Maryland companies may not look this empty yet, but could they in 2023? (Photo by Flickr user Dennis Sylvester Hurd, used via a Creative Commons License)

Back in 2021, Medifast was among the Baltimore area’s prime examples of a booming, homegrown startup-turned-wellness-giant riding a COVID-era economic wave.

With households spending more than ever on discretionary items like dieting and wellness products, the company’s sales spiked to an all-time high and it announced plans to ramp up hiring in Maryland to support distribution.

It was a very different story by mid-2022: The economy had cooled, as had the market for Medifast’s supplements and dietary products, thanks to rising inflation and a consumer spending slowdown that caused initially high growth expectations to drift out of reach. Medifast’s year-over-year profits for Medifast dropped 17% in the second quarter of 2022, and in August, the company lowered growth expectations for the rest of 2022. Several weeks later, in August, it filed a notice with the Maryland Department of Labor announcing the layoffs of 134 workers at its distribution center in Ridgely — a sturdy employer in Eastern Shore’s Caroline County since 2003. The cuts affected 50 workers from Caroline County and dozens more from surrounding Eastern Shore communities in Maryland and Delaware.

“My immediate thought when I heard about it was, taking it from an empathetic standpoint, ‘Oh, those families, now they’ve got this to worry about, but at least there are tons of jobs available,’” recalled Debbie Bowden, economic development director for Caroline County, during an interview in November. “I think I was grateful that they didn’t have to close down the facility. I am watching now to make sure that that isn’t the next step, given that other similar types of facilities have shut down on the Eastern Shore.”

While layoffs at the tech and ecommerce giants were the big story in 2022 — high-profile examples include MetaMicrosoftWalmartAmazon and Shopify — the tale has been similar for smaller-market employers and startups hurting from reduced valuations and expectations, as well as slowing consumer spending. has reported on a number of these cuts, including multiple layoff rounds at Philadelphia-based instant consumer needs delivery specialist GoPuff and other announced job cuts at Pittsburgh robotics firm SeeGrid and in Northern Virginia. From tech hubs and urban centers out to rural areas like Maryland’s Eastern Shore, in which both Medifast and USA Fulfillment slashed positions en masse, more companies have been consolidating operations and hedging their initial 2022 growth expectations.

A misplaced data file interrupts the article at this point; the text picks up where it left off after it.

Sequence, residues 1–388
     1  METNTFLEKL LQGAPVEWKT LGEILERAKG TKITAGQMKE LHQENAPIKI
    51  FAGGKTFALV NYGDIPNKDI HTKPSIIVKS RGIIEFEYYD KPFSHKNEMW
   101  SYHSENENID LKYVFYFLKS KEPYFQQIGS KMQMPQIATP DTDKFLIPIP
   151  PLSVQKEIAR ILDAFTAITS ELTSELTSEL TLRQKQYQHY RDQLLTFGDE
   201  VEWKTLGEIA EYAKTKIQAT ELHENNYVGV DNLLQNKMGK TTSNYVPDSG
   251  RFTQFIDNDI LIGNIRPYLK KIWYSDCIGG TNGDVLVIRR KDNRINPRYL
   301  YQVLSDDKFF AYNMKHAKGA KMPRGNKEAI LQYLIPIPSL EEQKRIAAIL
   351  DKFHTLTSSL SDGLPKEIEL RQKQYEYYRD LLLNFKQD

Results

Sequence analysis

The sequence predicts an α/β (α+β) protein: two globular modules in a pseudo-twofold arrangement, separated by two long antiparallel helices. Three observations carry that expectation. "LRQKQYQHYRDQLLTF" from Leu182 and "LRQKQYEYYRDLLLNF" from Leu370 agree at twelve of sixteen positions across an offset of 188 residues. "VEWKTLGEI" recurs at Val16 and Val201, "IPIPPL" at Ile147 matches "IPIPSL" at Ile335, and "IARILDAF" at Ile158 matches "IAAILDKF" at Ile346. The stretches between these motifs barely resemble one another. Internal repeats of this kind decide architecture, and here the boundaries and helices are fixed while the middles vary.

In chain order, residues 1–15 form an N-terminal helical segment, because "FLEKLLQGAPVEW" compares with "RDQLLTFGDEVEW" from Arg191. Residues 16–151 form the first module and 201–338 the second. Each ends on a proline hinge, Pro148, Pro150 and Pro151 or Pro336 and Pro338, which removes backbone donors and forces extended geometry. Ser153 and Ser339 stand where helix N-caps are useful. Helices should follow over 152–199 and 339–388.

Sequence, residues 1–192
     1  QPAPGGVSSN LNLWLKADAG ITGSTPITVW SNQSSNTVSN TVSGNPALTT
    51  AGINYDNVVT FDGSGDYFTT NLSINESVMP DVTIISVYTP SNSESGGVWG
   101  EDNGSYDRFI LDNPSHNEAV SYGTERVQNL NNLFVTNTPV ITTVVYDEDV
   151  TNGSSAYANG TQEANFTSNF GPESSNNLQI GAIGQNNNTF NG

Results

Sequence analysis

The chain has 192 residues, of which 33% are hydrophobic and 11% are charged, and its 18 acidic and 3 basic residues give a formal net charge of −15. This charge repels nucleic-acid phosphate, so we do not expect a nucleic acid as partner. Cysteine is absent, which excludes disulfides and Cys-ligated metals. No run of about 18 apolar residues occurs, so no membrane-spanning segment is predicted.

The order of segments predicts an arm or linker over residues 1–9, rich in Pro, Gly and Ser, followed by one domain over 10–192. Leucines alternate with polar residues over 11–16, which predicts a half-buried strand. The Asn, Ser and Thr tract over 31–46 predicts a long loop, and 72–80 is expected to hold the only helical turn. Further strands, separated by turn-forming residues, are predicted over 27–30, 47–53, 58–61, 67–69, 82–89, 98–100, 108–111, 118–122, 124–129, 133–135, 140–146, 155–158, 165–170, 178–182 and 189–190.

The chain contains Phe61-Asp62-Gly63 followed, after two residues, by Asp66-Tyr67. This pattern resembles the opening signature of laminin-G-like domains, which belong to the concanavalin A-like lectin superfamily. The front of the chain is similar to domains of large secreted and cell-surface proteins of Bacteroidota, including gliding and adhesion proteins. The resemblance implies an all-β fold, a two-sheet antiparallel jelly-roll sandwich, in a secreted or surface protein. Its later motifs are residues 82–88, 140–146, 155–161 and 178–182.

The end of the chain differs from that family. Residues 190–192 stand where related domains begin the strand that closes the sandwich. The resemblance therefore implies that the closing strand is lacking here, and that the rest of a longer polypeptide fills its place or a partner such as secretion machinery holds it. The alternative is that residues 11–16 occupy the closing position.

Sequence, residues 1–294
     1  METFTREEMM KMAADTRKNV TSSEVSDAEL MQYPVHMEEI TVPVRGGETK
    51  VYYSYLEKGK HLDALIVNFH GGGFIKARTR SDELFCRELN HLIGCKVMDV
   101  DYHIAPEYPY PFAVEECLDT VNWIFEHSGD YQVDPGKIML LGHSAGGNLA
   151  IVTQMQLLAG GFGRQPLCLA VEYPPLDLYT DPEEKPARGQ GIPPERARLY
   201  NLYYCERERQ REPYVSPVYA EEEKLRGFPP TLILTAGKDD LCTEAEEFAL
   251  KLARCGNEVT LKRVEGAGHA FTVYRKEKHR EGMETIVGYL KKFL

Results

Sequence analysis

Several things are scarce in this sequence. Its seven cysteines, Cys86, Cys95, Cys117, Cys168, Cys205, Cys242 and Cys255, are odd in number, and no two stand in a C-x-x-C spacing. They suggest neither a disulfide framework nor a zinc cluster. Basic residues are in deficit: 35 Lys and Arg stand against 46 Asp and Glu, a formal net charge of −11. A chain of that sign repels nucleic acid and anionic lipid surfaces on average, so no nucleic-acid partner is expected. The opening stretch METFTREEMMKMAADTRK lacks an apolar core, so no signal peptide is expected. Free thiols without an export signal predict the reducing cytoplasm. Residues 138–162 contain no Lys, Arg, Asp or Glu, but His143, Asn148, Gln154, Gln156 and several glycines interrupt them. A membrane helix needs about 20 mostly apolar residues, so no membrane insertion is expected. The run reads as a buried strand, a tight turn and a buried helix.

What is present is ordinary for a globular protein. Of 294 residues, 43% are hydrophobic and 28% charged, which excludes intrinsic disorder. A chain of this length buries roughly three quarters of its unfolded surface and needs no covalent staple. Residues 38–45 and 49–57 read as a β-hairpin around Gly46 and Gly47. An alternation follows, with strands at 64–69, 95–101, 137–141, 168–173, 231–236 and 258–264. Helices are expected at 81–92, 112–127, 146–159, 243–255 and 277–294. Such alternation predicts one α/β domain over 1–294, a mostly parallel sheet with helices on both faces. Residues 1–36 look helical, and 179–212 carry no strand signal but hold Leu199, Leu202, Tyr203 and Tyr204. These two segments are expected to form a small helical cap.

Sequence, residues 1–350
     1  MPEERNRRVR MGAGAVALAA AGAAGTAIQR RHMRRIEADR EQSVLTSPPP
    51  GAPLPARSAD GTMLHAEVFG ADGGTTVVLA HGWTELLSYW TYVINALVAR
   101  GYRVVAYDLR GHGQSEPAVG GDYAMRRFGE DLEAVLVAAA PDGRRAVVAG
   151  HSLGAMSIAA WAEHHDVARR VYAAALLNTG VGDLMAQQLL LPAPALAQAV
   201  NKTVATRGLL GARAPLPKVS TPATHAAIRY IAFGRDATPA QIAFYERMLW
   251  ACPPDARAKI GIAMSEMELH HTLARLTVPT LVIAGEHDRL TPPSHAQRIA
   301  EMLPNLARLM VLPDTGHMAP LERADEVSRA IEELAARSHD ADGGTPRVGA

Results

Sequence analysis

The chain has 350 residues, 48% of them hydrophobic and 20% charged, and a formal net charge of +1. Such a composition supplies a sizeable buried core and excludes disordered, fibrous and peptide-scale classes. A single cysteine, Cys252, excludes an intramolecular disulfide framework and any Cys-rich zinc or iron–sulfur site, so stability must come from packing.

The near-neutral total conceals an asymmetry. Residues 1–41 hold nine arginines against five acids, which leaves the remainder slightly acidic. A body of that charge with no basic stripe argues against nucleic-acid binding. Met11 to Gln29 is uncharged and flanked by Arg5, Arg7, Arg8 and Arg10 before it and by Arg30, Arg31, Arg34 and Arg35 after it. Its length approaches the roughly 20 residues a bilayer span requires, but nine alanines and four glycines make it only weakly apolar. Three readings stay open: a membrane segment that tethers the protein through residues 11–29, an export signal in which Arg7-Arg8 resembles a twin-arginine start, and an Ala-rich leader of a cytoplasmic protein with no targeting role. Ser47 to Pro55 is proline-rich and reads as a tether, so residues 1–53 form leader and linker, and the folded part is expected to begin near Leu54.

For startups dependent on investment capital, there’s a certain “reality check” afoot after the early COVID-era moment when interest rates were lower and cash was more freely available, said Daraius Irani, chief economist at Towson University’s Regional Economic Studies Institute.

“Now, the cost of borrowing has gone up, so people are a little bit reluctant to borrow money” and invest, he noted.

Meanwhile, inflation continues to hamper consumer spending — yes, even during the usually retail-crazed holidays — and with looming forecasts of an economic recession in 2023, retail-oriented firms large and small are in a humbling economic moment.

“The real challenge,” Irani said, “will be obviously that, as we’re going into this recession with big interest rates, that’s always going to make it a challenging environment for any discretionary or large-ticket items and purchases.”


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